Austrian Federal Railways

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Austrian Federal Railways
Company typeAktiengesellschaft
PredecessorErste Eisenbahnwagen-Leihgesellschaft Edit this on Wikidata
HeadquartersÖBB Unternehmenszentrale, ,
Area served
Central Europe
Key people
Andreas Matthä
ProductsRail transport, Cargo transport, Services
Increase €6,945 million (2019)
Increase €169 million (2019)
Total assetsIncrease €31,254 million (2019)
Total equityIncrease €2,645 million (2019)
OwnerRepublic of Austria
Number of employees
Increase 41.904 (2019)
Footnotes / references
Railjet (RJ), the high-speed-train of ÖBB
Intercity-Express (ICE)
Map of the main network in Austria
InterCity (IC) on the Semmering railway
ÖBB Nightjet (NJ) train in München Hbf
An ÖBB EuroCity (EC) train in Bolzano, South Tyrol
RegionalExpress train (REX) in Vienna
Regional train (R) in Styria
The Vienna S-Bahn is a suburban metro railway network in the Metropolitan area of Vienna
A freight train of Rail Cargo Austria
Shunting locomotive in Upper Austria
The ÖBB runs 9 classification yards in Austria
Salzburg Hauptbahnhof, a junction between local and long-distance transport routes
The current main hall of Linz Hauptbahnhof
Regional train station in Krems, Lower Austria
Typical commuter rail station south of Vienna

The Austrian Federal Railways and formerly the Bundesbahnen Österreich or BBÖ), now commonly known as ÖBB, is the national railway company of Austria. It also runs Liechtenstein's railway. The ÖBB group is owned entirely by the Republic of Austria. It is divided into several separate businesses that manage the infrastructure and operate passenger and cargo services.

The Austrian Federal Railways was first formed in 1923, using the Bundesbahn Österreich name, as a successor to the Imperial Royal Austrian State Railways. It was incorporated into the Deutsche Reichsbahn during the 1938–1945 Anschluss. It was reformed in 1947, under the slightly different name Österreichische Bundesbahnen, and still uses this name.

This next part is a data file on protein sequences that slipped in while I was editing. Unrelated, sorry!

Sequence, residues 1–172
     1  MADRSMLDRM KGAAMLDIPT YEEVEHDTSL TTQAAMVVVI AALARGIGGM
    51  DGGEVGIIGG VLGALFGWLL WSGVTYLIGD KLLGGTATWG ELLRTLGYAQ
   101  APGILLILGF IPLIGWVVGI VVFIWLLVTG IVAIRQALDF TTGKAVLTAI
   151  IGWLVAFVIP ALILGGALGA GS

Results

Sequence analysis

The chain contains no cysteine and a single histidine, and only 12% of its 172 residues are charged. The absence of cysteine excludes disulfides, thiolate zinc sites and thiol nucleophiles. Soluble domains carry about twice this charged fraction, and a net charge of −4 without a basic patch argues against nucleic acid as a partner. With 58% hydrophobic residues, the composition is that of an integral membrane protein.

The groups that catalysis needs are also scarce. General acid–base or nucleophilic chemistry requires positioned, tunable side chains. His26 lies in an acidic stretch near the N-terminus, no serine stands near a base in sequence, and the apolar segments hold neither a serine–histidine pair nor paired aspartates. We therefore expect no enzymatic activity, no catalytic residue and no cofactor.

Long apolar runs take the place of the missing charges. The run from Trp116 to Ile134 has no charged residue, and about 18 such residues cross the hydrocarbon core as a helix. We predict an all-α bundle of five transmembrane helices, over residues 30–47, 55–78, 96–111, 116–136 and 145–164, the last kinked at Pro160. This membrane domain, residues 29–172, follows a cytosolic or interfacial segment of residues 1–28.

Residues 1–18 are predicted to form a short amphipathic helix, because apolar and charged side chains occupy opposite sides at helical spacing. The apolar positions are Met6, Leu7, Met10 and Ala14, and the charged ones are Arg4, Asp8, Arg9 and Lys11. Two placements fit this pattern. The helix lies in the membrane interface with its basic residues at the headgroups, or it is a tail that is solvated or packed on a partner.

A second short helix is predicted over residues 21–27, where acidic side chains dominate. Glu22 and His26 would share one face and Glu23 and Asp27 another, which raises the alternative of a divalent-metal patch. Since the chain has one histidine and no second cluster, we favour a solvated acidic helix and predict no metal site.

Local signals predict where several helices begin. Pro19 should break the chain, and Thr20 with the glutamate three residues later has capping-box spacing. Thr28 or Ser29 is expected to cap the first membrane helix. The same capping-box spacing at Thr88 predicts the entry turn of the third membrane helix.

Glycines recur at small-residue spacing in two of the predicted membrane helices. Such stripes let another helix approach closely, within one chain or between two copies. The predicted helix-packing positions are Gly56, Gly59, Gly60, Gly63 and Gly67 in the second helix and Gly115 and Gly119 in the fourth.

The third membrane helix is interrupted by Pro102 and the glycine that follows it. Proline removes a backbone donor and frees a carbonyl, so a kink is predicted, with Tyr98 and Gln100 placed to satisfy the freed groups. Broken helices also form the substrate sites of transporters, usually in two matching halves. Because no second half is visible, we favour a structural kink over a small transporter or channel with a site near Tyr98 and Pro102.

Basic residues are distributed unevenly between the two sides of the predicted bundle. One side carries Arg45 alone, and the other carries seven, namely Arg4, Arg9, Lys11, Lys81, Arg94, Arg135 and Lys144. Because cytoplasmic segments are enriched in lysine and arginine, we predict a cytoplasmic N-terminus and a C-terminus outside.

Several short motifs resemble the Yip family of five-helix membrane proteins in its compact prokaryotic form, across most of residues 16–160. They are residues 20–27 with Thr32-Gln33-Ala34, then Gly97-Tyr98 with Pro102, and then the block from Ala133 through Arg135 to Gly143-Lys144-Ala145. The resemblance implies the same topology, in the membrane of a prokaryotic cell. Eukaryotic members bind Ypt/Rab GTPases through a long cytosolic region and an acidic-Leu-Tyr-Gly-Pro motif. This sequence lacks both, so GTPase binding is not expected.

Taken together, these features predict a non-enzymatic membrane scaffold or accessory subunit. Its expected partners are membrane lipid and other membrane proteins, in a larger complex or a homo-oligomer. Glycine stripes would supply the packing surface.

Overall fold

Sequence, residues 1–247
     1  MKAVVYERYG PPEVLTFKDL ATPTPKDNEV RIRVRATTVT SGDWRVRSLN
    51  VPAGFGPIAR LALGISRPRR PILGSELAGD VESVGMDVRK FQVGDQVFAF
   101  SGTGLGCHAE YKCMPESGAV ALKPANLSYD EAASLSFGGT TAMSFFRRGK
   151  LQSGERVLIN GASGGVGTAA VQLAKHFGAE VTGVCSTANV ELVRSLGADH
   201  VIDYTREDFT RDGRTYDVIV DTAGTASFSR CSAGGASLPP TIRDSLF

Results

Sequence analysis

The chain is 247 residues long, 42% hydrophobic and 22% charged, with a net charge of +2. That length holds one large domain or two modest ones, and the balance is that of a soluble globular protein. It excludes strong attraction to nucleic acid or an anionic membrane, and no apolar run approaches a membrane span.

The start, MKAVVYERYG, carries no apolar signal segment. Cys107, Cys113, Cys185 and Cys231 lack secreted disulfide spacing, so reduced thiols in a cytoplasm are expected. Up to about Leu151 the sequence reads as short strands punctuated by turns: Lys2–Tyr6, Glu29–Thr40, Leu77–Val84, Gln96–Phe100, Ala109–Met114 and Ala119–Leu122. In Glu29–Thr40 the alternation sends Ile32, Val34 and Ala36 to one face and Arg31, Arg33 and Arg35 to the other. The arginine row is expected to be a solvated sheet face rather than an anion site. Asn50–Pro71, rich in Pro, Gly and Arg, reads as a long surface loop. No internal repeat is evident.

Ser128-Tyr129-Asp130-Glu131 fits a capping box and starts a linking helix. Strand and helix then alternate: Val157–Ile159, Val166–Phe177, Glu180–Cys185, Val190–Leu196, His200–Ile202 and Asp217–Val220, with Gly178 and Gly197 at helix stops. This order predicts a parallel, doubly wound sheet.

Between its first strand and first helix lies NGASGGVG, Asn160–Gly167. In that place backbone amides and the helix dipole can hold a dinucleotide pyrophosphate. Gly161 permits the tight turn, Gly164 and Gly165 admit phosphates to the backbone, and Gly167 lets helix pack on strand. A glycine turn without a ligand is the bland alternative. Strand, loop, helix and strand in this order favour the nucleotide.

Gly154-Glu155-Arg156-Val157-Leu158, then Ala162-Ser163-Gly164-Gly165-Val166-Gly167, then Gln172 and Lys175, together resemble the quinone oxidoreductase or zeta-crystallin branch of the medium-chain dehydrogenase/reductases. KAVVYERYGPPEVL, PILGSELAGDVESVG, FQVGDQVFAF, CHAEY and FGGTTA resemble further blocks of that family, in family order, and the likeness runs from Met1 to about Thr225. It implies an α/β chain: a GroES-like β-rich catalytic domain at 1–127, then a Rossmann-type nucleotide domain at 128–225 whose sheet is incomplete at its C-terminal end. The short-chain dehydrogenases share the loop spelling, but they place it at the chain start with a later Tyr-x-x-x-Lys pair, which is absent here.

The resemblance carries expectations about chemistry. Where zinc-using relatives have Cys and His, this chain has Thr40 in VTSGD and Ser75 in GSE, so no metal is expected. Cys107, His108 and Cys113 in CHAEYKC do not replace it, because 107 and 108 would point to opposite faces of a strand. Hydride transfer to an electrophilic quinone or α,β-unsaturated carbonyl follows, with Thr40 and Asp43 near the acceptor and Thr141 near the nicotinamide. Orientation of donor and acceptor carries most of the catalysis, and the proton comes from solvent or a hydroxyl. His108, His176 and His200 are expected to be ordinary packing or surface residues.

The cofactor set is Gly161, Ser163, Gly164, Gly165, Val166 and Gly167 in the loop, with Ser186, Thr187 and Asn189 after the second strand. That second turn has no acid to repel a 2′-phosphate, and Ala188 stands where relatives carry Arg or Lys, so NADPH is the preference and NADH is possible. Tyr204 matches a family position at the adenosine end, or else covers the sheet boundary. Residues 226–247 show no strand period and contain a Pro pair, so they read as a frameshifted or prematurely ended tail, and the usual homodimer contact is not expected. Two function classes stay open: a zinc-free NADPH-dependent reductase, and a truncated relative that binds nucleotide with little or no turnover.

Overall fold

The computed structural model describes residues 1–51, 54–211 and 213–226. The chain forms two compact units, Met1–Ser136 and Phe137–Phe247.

The Austrian rail system is mostly electrified. Electrification began in 1912 but did not reach an advanced state until the 1950s. The last steam locomotive in regular service on the standard gauge network was retired in 1978.

Major changes currently being made to the Austrian railway network are the construction of the Koralm Railway, the Semmering Base Tunnel and the Brenner Base Tunnel connection with Italy.

Eurobarometer surveys conducted in 2018 showed that satisfaction levels of Austrian rail passengers are among the highest in the European Union when it comes to punctuality, reliability and frequency of trains.[2] Furthermore, with their Nightjet brand, ÖBB operates Europe's largest night train fleet.[3]

Unlike other major railway companies in Europe that offer more flexible cancellation policies, ÖBB only offers two types of tickets: full-price tickets, and cheaper but non-exchangeable and non-refundable tickets.

References[change | change source]

  1. "Geschäftsbericht 2019 (annual report 2019)" (PDF). Alphabet Inc. Retrieved June 17, 2020.
  2. "Mobility and transport" (PDF).
  3. "Austrian Federal Railways Orders Additional Night Trains from Siemens". 10 August 2021.